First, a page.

Follow us:

Hot Stone League

Larry Stone gives his take on a wide array of baseball issues and weighs in about the Mariners, too.

June 4, 2010 at 1:37 PM

Remember the name Marcus Littlewood on draft day (and M’s minor-league report)

Here is the latest Mariners’ minor-league report)

ESPN’s Keith Law, who follows the draft extremely closely, wrote today that “everyone is assuming the Mariners are going to take shortstop Marcus Littlewood at No. 43.”

No. 43 happens to be the first time the Mariners will have a selection when the draft begins on Monday. (Here is the official draft order). They lost their first-round pick (No. 18 overall) to the Angels as compensation for signing Type A free agent Chone Figgins. Seattle’s first pick is the 13th choice in the compensation round (No. 43 overall), which they get as compensation for the Red Sox signing Type B free agent Adrian Beltre.

Littlewood is a 6-foot-3, 200-pound, switch-hitting shortstop from Pine View High School in St. George, Utah. You might remember the M’s picked a high-school shortstop in the first round last year — Nick Franklin out of Lake Brantley High School in Longwood, Florida. He was the 27th overall pick and Seattle’s second first-rounder, after No. 2 overall Dustin Ackley. Franklin is off to an extremely impressive pro start with the Class A Clinton LumberKings, hitting .325 with 11 homers and 30 RBI. Not bad for someone who just turned 19 in March.

Law writes of Littlewood: “He offers the potential of a plus defender at shortstop whose bat is above-average for the position. Littlewood has some of the best hands of any position player in this draft, college or high school. He has a plus arm but can get under the ball on throws. He’s put on around 20 pounds of muscle since last summer, raising some doubts about whether he can stay at short long-term but increasing his power potential.

“He already had good rotation in his left-handed swing, a little more than he shows right-handed, and he’s cut down on the bat wrap he showed last summer, although now he’s got his hands way back and sort of drifts on to his front foot instead of coming forward strongly to start his weight transfer. He’s a fringe-average runner, but his fate in the field is more tied to his hands (which will play anywhere) and his physical growth. ”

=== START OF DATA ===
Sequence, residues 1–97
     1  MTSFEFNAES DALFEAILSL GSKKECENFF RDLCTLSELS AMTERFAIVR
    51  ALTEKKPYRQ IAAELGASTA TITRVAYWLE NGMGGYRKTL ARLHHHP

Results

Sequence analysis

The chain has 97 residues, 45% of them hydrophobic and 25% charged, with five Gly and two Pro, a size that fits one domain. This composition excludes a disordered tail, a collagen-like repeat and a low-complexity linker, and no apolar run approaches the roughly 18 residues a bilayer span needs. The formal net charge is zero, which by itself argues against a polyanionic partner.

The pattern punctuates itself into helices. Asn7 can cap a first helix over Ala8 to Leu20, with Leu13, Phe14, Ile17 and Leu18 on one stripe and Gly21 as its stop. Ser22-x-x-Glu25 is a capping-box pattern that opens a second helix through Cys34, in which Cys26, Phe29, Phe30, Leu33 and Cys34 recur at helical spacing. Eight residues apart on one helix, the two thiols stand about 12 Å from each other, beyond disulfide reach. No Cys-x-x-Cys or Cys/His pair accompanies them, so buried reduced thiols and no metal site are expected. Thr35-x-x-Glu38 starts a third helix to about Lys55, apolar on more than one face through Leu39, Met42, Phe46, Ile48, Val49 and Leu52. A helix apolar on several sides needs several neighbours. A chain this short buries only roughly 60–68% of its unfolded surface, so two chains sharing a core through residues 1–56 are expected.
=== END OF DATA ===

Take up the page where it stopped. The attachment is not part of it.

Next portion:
Here is a feature story on Littlewood from yesterday’s Deseret News, which speculates that he could be the best position player ever to come out of Utah (hold the wisecracks, please). It calls him “a once-in-a-generation baseball player in Utah.” Littlewood has signed to play for the University of San Diego, but I’m sure the Mariners or anyone else wouldn’t draft him that high if they didn’t think he was signable.

Here’s a posed photo of Littlewood from the Deseret News. And here’s more photos with the story that he was named Utah’s Mr. Baseball.

Here is a scouting report and video on Littlewood from the Baseball Beginnings website.

It’s almost impossible to predict draft choices when you’re picking as low as No. 43. If this guy is as good as he sounds, I’m wondering if he’ll be available for the Mariners. We’ll find out soon enough.

Comments

COMMENTS

No personal attacks or insults, no hate speech, no profanity. Please keep the conversation civil and help us moderate this thread by reporting any abuse. See our Commenting FAQ.



The opinions expressed in reader comments are those of the author only, and do not reflect the opinions of The Seattle Times.


The Seattle Times

The door is closed, but it's not locked.

Take a minute to subscribe and continue to enjoy The Seattle Times for as little as 99 cents a week.

Subscription options ►

Already a subscriber?

We've got good news for you. Unlimited seattletimes.com content access is included with most subscriptions.

Subscriber login ►
The Seattle Times

To keep reading, you need a subscription upgrade.

We hope you have enjoyed your complimentary access. For unlimited seattletimes.com access, please upgrade your digital subscription.

Call customer service at 1.800.542.0820 for assistance with your upgrade or questions about your subscriber status.

The Seattle Times

To keep reading, you need a subscription.

We hope you have enjoyed your complimentary access. Subscribe now for unlimited access!

Subscription options ►

Already a subscriber?

We've got good news for you. Unlimited seattletimes.com content access is included with most subscriptions.

Activate Subscriber Account ►